Unsettled Land: From Revolution to Republic, the Struggle
September 21, 2022
Historian Sam Haynes presents a bold new history of the origins and aftermath of the Texas Revolution, revealing how Indians, Mexican, and Americans battled for survival in one of the continent’s most diverse regions.
The Texas Revolution has long been cast as an epic episode in the origins of the American West. As the story goes, larger-than-life figures like Sam Houston, David Crockett, and William Barret Travis fought to free Texas from repressive Mexican rule. In Unsettled Land (Basic, 2022), historian Sam Haynes reveals the reality beneath this powerful creation myth.
Red, Blue, and Brown: Tejano History, Politics, and the 2022 Election
September 15, 2022
Historian Max Krochmal and senior editor Jack Herrera discuss the complex and critical role of Tejano politics, in history and today.
Election seasons have always been filled with political and partisan appeals to various groups of people: special interest groups, religious organizations, ethnic voting blocs, and more. One group which has received a dramatic increase in political and journalistic attention over the last few years are Tejanos: Texans of Mexican or Hispanic descent. Much digital ink has been spilled over Tejano voting history and practice: will they vote Democratic blue? Are Republican red numbers increasing since the Trump presidency? But while it can be tempting to presume that so-called interest groups like Tejanos will vote one way or the other—red or blue—it is not so simple. And it never has been.
Spring 2022 Events
Dewey Defeats Truman: The 1948 Election and the Battle for America’s Soul
April 27, 2022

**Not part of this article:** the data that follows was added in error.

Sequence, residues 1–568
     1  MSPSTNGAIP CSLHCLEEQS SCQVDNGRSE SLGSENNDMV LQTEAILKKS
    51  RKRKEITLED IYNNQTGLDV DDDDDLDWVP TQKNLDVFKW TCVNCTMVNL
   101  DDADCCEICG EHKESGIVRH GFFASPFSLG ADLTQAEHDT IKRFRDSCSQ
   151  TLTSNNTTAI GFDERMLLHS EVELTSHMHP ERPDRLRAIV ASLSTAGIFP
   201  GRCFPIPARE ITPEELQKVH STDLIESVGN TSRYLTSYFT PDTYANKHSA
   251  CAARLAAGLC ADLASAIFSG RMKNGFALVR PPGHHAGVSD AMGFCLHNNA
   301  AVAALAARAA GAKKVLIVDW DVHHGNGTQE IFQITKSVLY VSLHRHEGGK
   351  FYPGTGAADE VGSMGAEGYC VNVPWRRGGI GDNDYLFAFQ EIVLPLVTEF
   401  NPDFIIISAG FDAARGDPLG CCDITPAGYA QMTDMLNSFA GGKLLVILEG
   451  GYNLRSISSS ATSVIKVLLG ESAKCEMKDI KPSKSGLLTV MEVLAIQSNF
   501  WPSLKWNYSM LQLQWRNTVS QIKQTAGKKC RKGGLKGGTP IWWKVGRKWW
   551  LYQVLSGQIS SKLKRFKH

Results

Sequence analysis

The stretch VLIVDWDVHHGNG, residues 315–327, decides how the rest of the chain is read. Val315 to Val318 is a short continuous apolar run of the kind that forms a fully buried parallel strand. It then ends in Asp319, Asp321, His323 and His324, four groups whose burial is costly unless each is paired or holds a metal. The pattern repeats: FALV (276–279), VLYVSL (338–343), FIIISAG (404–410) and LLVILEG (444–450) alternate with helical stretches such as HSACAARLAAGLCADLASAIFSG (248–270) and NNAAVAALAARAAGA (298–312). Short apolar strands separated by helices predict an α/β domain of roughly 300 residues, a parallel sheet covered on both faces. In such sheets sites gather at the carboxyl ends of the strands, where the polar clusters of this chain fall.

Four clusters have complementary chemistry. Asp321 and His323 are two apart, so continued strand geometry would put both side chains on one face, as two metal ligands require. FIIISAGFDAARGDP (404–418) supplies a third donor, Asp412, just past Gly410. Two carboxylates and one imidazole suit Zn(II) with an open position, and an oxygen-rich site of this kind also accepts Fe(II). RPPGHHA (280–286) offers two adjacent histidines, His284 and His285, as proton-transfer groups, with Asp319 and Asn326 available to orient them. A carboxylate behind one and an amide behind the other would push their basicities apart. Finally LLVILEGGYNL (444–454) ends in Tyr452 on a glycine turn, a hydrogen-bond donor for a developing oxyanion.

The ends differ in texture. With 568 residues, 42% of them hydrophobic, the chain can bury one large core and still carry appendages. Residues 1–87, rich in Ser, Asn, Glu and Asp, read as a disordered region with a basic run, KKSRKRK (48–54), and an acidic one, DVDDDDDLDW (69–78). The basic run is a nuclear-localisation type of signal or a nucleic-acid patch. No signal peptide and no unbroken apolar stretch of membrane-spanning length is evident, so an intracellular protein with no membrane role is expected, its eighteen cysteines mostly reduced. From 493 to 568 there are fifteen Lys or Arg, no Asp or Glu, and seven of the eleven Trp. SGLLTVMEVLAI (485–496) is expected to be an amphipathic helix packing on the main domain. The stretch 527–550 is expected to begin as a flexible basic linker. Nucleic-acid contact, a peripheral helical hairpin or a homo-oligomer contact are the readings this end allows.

New York Times best-selling author A. J. BAIME tells the thrilling tale of the 1948 presidential election, one of the greatest election stories of all time, as Truman mounted a history-making comeback and staked a claim for a new course for America.
On the eve of the 1948 election, America was a fractured country. Racism was rampant, foreign relations were fraught, and political parties were more divided than ever. Americans were certain that President Harry S. Truman’s political career was over. Truman’s own wife, Bess, did not believe he could win. The only man in the world confident that Truman would win was Mr. Truman himself. And win he did.
A Politics For the Many: American Feminists and the Global Fight for Democratic Equality
March 7, 2022
Drawing on her acclaimed new book, For the Many: American Feminists and the Global Fight for Democratic Equality, Dorothy Sue Cobble will discuss how American women moved the nation and the world toward inclusion and equality.
For the Many: American Feminists and the Global Fight for Democratic Equality presents an inspiring look at how U.S. women and their global allies pushed the nation and the world toward justice and greater equality for all. Reclaiming social democracy as one of the central threads of American feminism, Dorothy Sue Cobble offers a bold rewriting of twentieth-century feminist history and documents how forces, peoples, and ideas worldwide shaped American politics.
The Walls Within: The Politics of Immigration in Modern America
February 7, 2022
Historian Sarah Coleman recounts the numerous battles over US immigrants’ rights since 1965―and how these conflicts reshaped access to education, employment, civil liberties, and more.
The 1965 Hart-Celler Act transformed the American immigration system by abolishing national quotas in favor of a seemingly egalitarian approach. But subsequent demographic shifts resulted in a backlash over the social contract and the rights of citizens versus noncitizens….
Fall 2021 Events
LIVE! Finale – Presidential Crises Podcast
November 11, 2021
The LIVE FINALE of “Presidential Crises,” season 2 of our podcast “The Past, the Promise, the Presidency.”
With political gridlock in Washington DC at an all time high, government shutdowns–or the threat of them–have become a routine occurrence. National parks close. Federal paychecks stop going out. The National Institute of Health stops admitting new patients. How did we get to the point where it has become normal for the US Government to halt in its tracks? The history, in this case, is quite recent….
Paper Trails: The U.S. Post and the Making of the American West
November 11, 2021
A groundbreaking history of how the U.S. Post made the nineteenth-century American West.
Historian Cameron Blevins discusses his latest book, Paper Trails: The U.S. Post and the Making of the American West, on the pivotal role of the U.S. postal service during the country’s expansion west….